In the foreword to the book entitled Audacious Anglicans, written by Canadians Ralph Moore and the late Gerald Rayner, Rowan Williams, the former Archbishop of Canterbury, wrote: “What the Body of Christ really is only appears as you tell the stories of how he has been real in this or that specific life…We need these human narratives.
After a while, the thread of truth, the rhythm of life and death, the visceral loneliness—after a while they are impossible to ignore. Standing, kneeling, the liturgy of ashes gets personal, as the sign of our origin and our end smears the foreheads of the faithful: “Remember, you are dust, and to dust you shall return” (Genesis 3:19).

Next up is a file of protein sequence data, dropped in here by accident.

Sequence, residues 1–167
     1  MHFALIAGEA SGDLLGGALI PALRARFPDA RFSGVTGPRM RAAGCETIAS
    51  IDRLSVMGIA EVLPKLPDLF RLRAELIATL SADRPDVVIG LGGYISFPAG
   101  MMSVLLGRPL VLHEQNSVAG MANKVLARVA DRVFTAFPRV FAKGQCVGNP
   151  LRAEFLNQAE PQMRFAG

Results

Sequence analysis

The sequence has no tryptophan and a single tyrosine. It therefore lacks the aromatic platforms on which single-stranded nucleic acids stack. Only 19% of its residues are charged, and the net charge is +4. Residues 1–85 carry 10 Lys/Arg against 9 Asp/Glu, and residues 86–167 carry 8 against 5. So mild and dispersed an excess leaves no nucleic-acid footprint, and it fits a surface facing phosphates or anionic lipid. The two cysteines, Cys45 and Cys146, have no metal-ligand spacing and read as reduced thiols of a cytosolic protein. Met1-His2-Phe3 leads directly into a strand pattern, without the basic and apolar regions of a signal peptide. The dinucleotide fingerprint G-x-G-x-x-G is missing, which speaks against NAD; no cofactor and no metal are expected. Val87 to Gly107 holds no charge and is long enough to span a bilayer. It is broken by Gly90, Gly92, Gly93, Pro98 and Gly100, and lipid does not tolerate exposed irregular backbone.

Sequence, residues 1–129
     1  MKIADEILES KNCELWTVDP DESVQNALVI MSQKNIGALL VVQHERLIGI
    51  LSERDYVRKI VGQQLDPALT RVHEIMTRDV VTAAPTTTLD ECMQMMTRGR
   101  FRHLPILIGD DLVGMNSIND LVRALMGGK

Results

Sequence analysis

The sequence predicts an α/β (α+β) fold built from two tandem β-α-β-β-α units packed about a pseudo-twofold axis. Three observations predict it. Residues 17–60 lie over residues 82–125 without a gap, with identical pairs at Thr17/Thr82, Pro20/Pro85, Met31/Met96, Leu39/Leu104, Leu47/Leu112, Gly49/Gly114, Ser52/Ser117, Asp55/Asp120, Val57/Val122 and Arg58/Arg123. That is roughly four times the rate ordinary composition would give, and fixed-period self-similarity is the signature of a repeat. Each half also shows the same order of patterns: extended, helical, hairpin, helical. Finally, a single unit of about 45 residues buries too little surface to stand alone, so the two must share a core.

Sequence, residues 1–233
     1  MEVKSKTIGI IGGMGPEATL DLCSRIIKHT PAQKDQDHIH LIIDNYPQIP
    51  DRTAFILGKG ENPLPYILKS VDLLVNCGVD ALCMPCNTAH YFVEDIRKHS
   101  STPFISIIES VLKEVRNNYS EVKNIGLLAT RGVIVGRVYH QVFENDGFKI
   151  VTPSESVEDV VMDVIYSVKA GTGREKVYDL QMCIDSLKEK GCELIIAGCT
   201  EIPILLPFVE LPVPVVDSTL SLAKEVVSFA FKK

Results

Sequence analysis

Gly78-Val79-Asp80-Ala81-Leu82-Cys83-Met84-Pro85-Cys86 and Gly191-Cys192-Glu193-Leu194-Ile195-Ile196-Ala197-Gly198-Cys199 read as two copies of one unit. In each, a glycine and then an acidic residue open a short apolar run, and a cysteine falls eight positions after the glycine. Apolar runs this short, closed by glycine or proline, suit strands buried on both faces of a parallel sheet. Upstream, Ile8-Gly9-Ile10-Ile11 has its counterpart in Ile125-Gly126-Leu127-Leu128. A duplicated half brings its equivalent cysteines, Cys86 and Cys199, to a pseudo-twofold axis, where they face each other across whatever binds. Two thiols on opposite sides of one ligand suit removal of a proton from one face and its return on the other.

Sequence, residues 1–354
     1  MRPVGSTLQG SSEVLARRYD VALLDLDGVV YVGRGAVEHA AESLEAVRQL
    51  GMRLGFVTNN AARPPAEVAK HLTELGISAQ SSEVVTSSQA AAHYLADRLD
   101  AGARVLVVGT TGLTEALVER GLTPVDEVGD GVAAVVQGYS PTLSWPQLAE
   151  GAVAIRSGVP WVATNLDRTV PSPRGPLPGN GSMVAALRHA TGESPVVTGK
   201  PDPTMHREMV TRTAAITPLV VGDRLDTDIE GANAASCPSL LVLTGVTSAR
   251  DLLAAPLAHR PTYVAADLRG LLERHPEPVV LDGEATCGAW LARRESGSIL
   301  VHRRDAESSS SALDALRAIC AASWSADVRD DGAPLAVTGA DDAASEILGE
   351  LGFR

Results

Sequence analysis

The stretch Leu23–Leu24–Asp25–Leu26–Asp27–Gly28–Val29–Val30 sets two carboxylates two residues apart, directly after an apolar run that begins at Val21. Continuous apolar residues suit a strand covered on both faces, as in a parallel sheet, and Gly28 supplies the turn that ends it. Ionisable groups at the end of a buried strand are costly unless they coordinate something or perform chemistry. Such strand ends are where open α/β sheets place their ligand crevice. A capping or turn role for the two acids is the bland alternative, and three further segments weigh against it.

In recent years I have come to deeply appreciate the rites of smudging conducted by indigenous peoples. From a pouch containing cedar, sweet grass, sage and tobacco, an elder draws a handful and places the mixture in a shell.
In last month’s editorial, Canada deserves better (Dec. 2013, p. 4), I concluded by saying, “It would be gratifying in 2014 if we were able to see political leadership centred on integrity, justice and honesty, at all levels and in all branches of government; leadership that gives us a sense of pride. It is what Canadians deserve.”
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